Our Mobile App: iPhone · Android

  • You are trying to conceive?
  • You have pregnancy questions?
  • How do you know whether your baby's teething or has a cold?
  • You have Family, home & financial issues?

...Then you have come to the right place!
we will try to help you with your problem.

Results 1 to 2 of 2
Like Tree1Likes
  • 1 Post By Angelmum

A story to share ....

This is a discussion on A story to share .... within the Parenting Special Needs Child forum, part of the MummySG Special Group category; Her wrinkled hands carefully open the box of cornflakes. Spoonful by spoonful, the same pair of hands feeds the cornflakes ...

  1. #1
    Moderator Angelmum's Avatar
    Join Date
    Jul 2007
    Rep Power

    A story to share ....

    Her wrinkled hands carefully open the box of cornflakes. Spoonful by spoonful, the same pair of hands feeds the cornflakes to her child, P. The mother is 72-years old. I met her and P on a rainy Christmas Eve.
    Flashback to 1965.

    She is 26 and in the prime of her youth. Married in 1959, she worked as a shorthand typist for an insurance company and enjoyed a middle class lifestyle in 1960s Singapore. She owned a car, and employed a Singaporean maid, paying her some $30 a month then. She and her husband were enthusiasts of ballroom dancing. Almost every weekend, they would attend tea dances at the Singapore Hotel off Guillemard Road or at the Singapore Chinese Swimming Club.

    The next year, she gave birth of her eldest son. Her second son, P, was born in 1963. Life was good to her.
    The close-knit family recently moved into a new HDB flat at Jalan Batu.

    She calls it the greatest mistake of her life - yet it is one that she has gracefully and willingly shouldered. She vividly remembers how it happened in 1965.
    It was a Thursday morning and she had woken to find that P was running a high fever. Her maid fed P some medication and allowed him to sleep it off. The fever subsided but the very next day, the fever returned. Again, her maid fed P his medication and the fever subsided, only to return the next morning. She became extremely worried and at 6 am, Saturday morning, she drove P to the A&E at the Singapore General Hospital. It was there that the news was broken to her: P had had an encephalitis attack and there was nothing that the doctor could do.

    Carrying P home, she felt like she was carrying a vegetable. P’s limbs were soft and unresponsive. Her sorrow was compounded when she saw that P could not swallow any food. Only with her mother’s help was she able to coax P to do so.
    Upon reflection, she tells me it was likely that her maid had fed P aspirin. The medication had only alleviated the symptoms of fever, not treated it. She regrets not sending P to the doctor the very first day the fever struck.
    Since then, P has been intellectually and physically disabled.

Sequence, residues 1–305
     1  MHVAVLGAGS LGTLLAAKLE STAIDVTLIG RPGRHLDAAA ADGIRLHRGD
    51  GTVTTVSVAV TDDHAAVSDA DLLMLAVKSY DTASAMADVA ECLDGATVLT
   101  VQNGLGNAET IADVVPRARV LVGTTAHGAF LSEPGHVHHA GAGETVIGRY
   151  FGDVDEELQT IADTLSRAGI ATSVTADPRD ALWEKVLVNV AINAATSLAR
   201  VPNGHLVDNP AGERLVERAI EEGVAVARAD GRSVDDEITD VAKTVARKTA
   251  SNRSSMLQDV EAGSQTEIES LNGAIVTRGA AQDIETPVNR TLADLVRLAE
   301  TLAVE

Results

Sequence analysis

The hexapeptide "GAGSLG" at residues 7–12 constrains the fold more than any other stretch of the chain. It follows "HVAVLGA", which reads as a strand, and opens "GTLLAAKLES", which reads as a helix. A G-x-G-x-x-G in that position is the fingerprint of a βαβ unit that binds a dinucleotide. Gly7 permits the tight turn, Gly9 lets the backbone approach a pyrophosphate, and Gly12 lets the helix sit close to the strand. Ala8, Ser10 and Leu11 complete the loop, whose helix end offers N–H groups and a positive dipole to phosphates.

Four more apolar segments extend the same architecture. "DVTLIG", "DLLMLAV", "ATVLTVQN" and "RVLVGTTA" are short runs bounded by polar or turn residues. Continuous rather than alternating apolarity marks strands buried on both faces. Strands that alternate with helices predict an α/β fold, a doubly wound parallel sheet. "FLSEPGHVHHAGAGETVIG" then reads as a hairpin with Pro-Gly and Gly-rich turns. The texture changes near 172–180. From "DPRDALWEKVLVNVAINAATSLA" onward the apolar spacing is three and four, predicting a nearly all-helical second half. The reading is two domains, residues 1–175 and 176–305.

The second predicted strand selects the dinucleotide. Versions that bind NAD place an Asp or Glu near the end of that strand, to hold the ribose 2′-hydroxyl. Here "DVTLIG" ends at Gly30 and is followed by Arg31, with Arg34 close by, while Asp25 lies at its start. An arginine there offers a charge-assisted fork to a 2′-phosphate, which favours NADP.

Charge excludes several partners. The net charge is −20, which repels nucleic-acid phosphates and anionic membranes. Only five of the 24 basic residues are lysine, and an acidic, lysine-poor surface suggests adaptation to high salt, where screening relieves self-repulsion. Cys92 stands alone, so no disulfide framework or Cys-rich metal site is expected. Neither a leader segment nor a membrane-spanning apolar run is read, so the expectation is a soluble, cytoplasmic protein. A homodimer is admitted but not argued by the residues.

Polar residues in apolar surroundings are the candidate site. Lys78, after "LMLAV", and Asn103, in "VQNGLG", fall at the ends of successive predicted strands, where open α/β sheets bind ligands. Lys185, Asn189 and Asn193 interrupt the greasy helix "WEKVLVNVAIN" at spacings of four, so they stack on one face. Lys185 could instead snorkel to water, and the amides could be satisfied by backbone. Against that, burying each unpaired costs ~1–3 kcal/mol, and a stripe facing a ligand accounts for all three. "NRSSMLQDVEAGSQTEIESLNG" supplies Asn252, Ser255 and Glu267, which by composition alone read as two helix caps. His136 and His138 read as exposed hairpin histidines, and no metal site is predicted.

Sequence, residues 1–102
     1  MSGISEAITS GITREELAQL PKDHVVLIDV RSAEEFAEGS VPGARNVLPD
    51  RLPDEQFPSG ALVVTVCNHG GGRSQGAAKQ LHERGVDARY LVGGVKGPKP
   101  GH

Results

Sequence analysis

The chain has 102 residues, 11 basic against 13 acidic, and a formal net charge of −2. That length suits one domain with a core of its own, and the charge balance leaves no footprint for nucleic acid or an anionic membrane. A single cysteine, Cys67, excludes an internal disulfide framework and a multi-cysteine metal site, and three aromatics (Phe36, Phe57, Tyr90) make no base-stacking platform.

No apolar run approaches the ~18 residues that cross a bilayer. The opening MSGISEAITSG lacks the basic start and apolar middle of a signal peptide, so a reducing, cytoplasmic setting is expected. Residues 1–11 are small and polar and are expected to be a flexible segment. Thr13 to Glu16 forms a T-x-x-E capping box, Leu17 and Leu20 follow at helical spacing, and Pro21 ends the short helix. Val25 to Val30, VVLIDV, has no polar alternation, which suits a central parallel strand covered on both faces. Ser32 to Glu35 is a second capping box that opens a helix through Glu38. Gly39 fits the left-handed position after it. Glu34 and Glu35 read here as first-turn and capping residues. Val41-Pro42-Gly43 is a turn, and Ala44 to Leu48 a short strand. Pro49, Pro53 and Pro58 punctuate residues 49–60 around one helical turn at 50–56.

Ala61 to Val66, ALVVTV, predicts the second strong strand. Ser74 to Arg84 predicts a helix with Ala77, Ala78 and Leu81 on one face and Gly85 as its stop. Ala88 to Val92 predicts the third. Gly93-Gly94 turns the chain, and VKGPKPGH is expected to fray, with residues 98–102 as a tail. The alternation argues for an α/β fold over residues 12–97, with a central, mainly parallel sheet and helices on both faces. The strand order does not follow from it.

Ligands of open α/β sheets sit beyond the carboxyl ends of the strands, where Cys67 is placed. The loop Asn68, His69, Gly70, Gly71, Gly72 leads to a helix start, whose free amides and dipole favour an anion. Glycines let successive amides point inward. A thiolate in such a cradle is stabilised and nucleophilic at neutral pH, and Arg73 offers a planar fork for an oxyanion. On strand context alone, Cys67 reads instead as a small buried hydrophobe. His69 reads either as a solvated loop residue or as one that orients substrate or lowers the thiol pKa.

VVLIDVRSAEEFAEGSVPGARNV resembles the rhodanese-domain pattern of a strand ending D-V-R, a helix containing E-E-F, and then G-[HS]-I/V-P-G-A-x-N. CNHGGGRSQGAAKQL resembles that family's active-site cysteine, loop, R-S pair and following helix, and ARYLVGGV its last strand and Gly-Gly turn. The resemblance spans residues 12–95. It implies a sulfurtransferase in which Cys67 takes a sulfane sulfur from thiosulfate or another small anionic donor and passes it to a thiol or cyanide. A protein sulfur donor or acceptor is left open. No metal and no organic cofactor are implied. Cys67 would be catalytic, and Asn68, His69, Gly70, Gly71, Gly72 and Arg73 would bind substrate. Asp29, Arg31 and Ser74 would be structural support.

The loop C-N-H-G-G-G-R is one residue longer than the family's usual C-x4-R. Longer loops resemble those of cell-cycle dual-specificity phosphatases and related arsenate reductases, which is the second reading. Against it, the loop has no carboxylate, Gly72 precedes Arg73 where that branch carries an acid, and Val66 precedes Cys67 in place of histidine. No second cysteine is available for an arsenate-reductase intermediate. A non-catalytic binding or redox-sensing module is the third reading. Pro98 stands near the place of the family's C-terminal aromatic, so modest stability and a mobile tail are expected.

Her life has changed drastically as a result. No longer are her weekends spent dancing or at tea dances. Instead, her life revolves around staying at home caring for P. Subsequently she gave up her job to look after P full-time as well as her other children. Her social life became non-existent.
    She tells me that in the next few years after P’s attack, every doctor they saw would tell her that P would only live to 7. It was a harrowing time for her.
    When P was 14, her husband’s company sponsored her and P on a trip to Australia to learn about caregiving techniques. It was the first time anyone had taught her about techniques of care, for transferring, feeding, toileting, bathing. In Australia, doctors gave her another prognosis. They told her, “P can live a long and normal life. It is just that he is different from us all and he will take a longer time to learn things.”

    In a way, I think this is the way we [the majority of people] see persons with disabilities, even today. They are seen as incapable of achieving the same standard of life as any other person, and as such, unable to lead a life as long as others and are seen as abnormal. Yet if we try to see persons with disabilities as different, as only living in a different world from us, a world where they require more time to understand the way things work in ours, perhaps we would then be able to understand the world that is theirs.

    It is also this - seeing P living in a different world – which recurs frequently in my interactions with her and P. During my first visit, she wanted P to sit up on the wheelchair to eat. I was prepared to help her carry P onto the wheelchair. However, she told me the right way would be to guide P to sit up and stand on his own feet before moving him over. She explained that his would allow P to learn to stand properly.

    On my second visit, she, P and a few other residents were watching a DVD of Chinese New Year songs. Watching these videos would allow P to learn. She recalls playing songs of Teresa Teng and other singers to help stimulate P’s interest and attention as she does her housework in the past. Even though she likes to tell P that he does not know anything, I could see that she still sees P’s ability to learn, slowly and surely.

    One question that I constantly think about, especially in between my first and second visits, is how she is able to constantly care for P. Anyone else in that position would have found it difficult and would have given up. I remember her telling me that when P was still staying at home, there was an occasion when her daughter had graduated from a university in the States and she had to make a trip there. She left P in respite care. When she returned, it was past 1am in the morning. By 7am, she was waiting to bring P home.